Yes: I do believe that this agenda should be a conservative-influenced agenda. Yet, I also know that any one agenda offered may not be the agenda in totality, just as any one politician should never be deemed as the savior for any movement from either the left or the right. However, a plan where we lead with a vision that creates healing, trust, and partnerships is vital right now. The nation is rapidly losing hope in American Exceptionalism in an infuriated manner that blends the worst of the 1960s with the lack of self-esteem from the 1970s.


Thus, (A) Black Agenda for America – one roadmap with goals:


Economic Empowerment. Adjust or repeal legislation that restricts the free market flow of capital to under-served communities and their budding entrepreneurs. (This could be done through opportunity zones. This could be done through additional adjustments to existing legislation.) Encourage partnerships between historically-owned and -operated Black banking institutions with Fortune 500 companies and other economic generators to bolster these institutions. Incentivize capital investment in Black start-up businesses and afford them the onboarding resources (including time) that others receive. Reinitiate the drive to increase Black homeownership – this time, without the derivative-driven mess that collapsed the economy – as homeownership is a major driver in overall household wealth.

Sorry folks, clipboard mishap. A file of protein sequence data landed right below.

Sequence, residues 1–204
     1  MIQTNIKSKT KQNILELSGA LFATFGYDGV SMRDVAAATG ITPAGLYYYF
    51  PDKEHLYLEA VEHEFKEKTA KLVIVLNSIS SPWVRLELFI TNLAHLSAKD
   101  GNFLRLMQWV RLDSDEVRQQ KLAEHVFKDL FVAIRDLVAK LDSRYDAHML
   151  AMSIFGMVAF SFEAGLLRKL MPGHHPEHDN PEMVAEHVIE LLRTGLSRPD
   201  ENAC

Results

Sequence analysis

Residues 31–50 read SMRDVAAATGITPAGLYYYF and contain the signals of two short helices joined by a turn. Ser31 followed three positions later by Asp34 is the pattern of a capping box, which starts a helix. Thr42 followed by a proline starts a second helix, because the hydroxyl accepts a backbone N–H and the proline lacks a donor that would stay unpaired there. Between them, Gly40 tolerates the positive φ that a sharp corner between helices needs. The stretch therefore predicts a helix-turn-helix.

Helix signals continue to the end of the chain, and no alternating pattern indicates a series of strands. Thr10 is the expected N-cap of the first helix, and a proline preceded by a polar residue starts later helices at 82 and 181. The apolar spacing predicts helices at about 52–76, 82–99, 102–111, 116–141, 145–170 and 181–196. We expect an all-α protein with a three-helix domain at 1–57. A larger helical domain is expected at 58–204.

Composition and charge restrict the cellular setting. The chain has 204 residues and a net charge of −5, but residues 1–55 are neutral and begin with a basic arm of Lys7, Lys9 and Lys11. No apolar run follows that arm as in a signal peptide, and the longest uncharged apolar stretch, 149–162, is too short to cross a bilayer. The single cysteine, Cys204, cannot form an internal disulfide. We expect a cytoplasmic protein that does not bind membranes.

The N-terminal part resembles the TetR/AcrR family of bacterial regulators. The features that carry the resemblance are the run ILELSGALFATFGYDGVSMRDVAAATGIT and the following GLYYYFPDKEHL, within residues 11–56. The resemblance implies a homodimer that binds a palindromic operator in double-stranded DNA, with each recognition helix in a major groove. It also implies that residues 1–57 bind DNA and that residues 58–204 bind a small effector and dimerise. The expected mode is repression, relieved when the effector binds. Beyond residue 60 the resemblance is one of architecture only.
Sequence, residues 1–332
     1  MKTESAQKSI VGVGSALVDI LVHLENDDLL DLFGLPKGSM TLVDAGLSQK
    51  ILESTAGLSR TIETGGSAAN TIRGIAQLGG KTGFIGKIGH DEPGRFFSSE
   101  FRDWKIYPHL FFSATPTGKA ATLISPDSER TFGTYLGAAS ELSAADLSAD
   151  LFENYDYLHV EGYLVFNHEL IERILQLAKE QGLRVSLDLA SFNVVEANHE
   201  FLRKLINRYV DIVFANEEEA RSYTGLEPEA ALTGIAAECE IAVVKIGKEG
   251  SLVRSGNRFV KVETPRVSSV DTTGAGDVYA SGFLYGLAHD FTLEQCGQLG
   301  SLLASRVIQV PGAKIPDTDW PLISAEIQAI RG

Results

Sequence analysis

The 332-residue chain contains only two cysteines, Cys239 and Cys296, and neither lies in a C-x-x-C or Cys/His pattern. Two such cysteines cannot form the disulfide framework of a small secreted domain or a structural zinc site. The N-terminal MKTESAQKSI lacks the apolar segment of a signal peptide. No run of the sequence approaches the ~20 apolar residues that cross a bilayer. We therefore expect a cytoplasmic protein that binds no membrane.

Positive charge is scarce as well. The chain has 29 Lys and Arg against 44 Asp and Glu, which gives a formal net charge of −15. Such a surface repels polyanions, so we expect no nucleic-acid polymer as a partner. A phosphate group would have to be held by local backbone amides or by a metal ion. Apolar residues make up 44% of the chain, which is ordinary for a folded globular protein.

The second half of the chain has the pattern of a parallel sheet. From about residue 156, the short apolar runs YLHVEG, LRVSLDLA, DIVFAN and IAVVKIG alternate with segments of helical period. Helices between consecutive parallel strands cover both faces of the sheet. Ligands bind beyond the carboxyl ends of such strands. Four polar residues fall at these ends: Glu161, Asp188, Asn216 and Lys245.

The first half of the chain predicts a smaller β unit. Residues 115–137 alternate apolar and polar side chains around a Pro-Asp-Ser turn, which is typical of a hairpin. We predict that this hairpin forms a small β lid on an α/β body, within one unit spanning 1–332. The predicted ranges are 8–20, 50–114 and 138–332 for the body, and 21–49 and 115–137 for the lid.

Education Equality. In the short-term, provide Education Savings Accounts to address the ever-expanding education achievement gap, now exasperated by the pandemic. Expand school choice options throughout America, encouraging both state-driven and federal initiatives that prompt tax-credit scholarships and other programs designed to immediately provide more quality academic options for students.  Address the funding formula that entrenches the disparities in public schools. Incorporate STEM-related skills into physical education and recreation for elementary students. Incentify African-American high school and college students to pursue STEM-related job fields as well as jobs in education and public safety. Increase the academic effort with a goal to close the racial achievement gap within 1-2 generations, done in conjunction with economic empowerment.